Amanda Finnis was the first of the series of managers, all with very different skill sets, (Amanda was a singer-songwriter and did theatre sports) followed by Belinda Daw, Cathy Davidson, Tory Shepherd, Mairead Doyle and now Helen Davies, the first at Artlink who had actually worked in magazine publishing before. Mairead presided over Artlink finally leaving the secure nest of Henley Beach and finding space in the heart of the City of Adelaide in 2007, to share with John Maitland’s Energy Architecture. Helen has been the creator of change of another sort, an energetic and fearless engagement with the digital domain, in particular her brilliant engineering in 2012 of the Artlink app, followed by digital books and anthologies. Without Helen’s willingness to give anything a go, a range of things would never have happened, including the Mandarin translation and reprint in China of the first Artlink Indigenous.
Although Artlink Indigenous scooped the quarterly limelight from 2011 to 2013, other themes beeped and blinked like The Underground edited by eco-hipster Lucas Ihlein, Art in the Public Arena (the fourth on this theme since 1989) Surveillance, a little before its time, Pattern & Complexity by Margot Osborne (editor of our best selling issue ever, Art, Mind, Beauty four years earlier). Phenomena, and the recent Mining issue are two projects I have found especially interesting during the last decade. Mining had much resonance in WA where our long term honorary contributing editor Thelma John has kept us in touch with issues, as has Michael Edwards in Tasmania.
A perennial discussion has been our relationship with academia – the joy of knowing that scholars and students are part of Artlink both as contributors and readers collides with the all too realpolitik where academics channel their time into earning points for articles in refereed journals – and the way the definitions of refereeing changed over time, from double blind to ‘independently edited’ which is where Artlink finally kicked in.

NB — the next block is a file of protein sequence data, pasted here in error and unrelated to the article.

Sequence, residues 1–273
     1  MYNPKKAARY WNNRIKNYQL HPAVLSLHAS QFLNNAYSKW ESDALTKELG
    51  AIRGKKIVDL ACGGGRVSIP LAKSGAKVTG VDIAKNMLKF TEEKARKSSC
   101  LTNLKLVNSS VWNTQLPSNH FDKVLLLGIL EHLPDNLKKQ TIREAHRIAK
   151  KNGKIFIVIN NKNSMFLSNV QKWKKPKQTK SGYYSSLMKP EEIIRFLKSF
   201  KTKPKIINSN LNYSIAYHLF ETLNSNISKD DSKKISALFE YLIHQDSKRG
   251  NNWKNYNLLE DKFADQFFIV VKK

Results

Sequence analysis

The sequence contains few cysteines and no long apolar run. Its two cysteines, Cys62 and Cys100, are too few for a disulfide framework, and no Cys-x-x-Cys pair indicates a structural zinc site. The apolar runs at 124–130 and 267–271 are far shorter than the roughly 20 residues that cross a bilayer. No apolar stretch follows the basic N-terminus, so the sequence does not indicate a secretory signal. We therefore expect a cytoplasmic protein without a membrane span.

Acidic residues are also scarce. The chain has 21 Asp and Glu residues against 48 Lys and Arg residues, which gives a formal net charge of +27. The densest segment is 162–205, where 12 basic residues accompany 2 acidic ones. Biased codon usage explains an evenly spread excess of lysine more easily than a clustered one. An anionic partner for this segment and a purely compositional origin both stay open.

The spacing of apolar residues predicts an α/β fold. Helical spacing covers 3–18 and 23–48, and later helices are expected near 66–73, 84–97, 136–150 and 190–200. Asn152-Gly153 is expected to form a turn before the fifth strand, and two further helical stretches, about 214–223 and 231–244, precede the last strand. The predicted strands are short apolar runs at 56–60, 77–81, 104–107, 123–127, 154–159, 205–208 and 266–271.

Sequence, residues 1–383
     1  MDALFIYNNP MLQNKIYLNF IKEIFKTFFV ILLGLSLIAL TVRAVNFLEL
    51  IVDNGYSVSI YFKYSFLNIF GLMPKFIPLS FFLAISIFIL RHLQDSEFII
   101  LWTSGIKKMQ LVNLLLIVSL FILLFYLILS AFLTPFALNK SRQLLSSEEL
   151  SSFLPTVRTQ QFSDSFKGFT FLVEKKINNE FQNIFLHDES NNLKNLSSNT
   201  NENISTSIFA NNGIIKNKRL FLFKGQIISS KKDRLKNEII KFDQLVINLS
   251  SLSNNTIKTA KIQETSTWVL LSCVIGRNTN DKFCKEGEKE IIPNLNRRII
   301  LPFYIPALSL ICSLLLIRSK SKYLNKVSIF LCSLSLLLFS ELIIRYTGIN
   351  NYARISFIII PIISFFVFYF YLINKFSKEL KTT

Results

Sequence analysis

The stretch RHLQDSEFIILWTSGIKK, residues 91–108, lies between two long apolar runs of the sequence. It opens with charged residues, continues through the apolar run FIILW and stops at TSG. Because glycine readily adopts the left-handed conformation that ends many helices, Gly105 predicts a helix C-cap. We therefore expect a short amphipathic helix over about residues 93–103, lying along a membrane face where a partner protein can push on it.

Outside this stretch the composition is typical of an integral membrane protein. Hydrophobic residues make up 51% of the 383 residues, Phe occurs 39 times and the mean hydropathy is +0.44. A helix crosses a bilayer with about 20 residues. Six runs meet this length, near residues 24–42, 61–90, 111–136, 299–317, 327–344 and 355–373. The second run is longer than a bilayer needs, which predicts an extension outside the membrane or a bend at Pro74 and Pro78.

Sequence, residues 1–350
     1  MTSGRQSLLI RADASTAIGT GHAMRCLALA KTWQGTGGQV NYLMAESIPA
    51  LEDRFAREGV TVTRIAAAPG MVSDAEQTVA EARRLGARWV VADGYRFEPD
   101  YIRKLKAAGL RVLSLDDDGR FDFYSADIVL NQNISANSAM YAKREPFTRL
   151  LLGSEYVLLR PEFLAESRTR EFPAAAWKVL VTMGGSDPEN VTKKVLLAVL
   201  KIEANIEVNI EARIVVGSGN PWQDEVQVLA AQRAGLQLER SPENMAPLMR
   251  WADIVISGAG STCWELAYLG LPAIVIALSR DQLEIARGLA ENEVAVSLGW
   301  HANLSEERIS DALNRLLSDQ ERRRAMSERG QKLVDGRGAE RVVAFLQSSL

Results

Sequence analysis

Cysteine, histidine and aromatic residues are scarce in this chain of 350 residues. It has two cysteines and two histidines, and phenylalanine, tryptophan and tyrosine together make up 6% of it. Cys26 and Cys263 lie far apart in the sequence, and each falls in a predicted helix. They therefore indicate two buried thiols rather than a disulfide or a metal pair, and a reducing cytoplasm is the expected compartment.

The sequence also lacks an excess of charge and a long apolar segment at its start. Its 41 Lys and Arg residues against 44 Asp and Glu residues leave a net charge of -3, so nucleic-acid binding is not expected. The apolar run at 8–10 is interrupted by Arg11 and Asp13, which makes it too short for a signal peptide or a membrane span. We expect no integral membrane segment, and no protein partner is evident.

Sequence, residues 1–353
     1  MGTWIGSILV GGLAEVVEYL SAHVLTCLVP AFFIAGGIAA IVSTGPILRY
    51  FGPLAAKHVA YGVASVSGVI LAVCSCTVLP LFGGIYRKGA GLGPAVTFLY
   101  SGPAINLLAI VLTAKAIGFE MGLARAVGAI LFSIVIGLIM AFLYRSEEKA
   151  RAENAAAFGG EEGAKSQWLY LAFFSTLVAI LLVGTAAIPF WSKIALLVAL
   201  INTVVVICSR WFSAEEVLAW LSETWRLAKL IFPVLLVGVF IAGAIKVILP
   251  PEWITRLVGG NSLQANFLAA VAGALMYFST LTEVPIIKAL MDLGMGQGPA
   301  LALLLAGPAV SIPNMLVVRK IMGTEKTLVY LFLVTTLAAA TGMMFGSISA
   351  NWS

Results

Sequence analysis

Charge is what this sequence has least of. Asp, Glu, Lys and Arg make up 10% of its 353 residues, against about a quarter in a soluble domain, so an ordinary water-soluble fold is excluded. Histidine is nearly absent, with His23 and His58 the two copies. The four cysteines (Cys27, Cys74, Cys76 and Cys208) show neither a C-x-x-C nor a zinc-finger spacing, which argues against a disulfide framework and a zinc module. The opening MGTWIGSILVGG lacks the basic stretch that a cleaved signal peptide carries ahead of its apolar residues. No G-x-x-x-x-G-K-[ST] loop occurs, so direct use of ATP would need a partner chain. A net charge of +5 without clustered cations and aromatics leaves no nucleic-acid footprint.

Our longest serving honorary contributing editors, Joanna Mendelssohn at COFA, Dr Juliette Peers at RMIT, and Professor Pat Hoffie at QCA, have been at the heart of very long term alliances with university art schools and have been prolific writers as well as mentors of young reviewers. All three, plus writer-thinker-artists Djon Mundine and Stephanie Radok are the subjects of Artlink i-book Anthologies, to be published this year. Like so many people I have worked with, such as Donald Brook, Janet Maughan, Alison Carroll, Tamara Winikoff, Daniel Browning, Kevin Murray, and so many others, their vocabularies are lint-free and of their own making. The launch of our first i-book by Donald Brook, whose work has had such an overarching influence on Artlink from its first issue on, will happen very soon. It’s called Get a Life.
This is a moment long delayed, through the kind of inertia that is the eye of a storm that churns day-to-day, week to week, year to year. Escaping from the vortex is not easy. It must keep its energy and momentum. In the old language it would have been just a rat on a treadmill, but fortunately the age of Big Weather gives our lives a more dramatic sense of contingency. Who knows what tomorrow will bring? Adelaide won a world contest the other day for the hottest city on the planet. Someone had to work that one out.
Arriving at 2014 there is a deep breath, coming out of warrior pose, eyes closed, contemplating the moment. The moment becomes the near future, the near future is now very near.
Thank you to my team, Helen Davies, Stephanie Radok, Lisa Mortimore, Richard Browning and Julie Issom; the Board: Janet Maughan, Bill Morrow, Jackie Wurm, Lisa Slade and (recently replacing Adrienne Hender who served for a fantastic 20 years), Steve Bastian. And all the Artlink friends, family and supporters, individuals, organisations, funders, advertisers and sweaty couriers. I love you all.
1 In Reflection: 20th Anniversary issue in 2000 edited by Stephanie Radok.
2 The Visual Arts Board of the Australia Council, which with Arts SA, have been our mainstay in the struggle to survive and thrive, have also been hugely supportive in other ways, which mean a lot to small organisations. Other states have chipped in too, in particular for many years Victoria, as well as Queensland and Western Australia.
3 This group has included at various times since 2000, Di Barrett, Paul Hoban, Mary Knights, Stephanie Radok, Chris Reid, Christine Morrow, Andrew Best, Maria Zagala, Jackie Wurm, Melentie Pandilowski, Julianne Pierce, with special guests to planning days including Isaac Forman, Bill Morrow, Ann Mather, Tamara Winikoff, John Neylon, Juliette Peers, Pat Hoffie, Thelma John, Joanna Mendelssohn and many more.
4 Lisa Mortimore is currently the inspired part-time Sales and Marketing Manager, a position created in 2010.
Stephanie Britton is the Executive Editor of Artlink.